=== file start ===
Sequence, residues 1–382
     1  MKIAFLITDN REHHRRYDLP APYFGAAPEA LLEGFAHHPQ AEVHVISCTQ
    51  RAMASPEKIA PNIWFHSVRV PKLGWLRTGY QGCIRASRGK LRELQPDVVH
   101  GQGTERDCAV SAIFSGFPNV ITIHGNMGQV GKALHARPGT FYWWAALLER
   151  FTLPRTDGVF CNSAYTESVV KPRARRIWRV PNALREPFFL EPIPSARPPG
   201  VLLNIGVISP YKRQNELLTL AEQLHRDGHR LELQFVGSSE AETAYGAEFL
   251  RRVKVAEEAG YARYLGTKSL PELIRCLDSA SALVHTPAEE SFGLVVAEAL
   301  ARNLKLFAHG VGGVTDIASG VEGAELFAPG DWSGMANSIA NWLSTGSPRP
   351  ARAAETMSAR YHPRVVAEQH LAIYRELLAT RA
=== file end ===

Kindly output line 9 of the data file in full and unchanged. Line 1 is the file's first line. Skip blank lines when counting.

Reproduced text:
   351  ARAAETMSAR YHPRVVAEQH LAIYRELLAT RA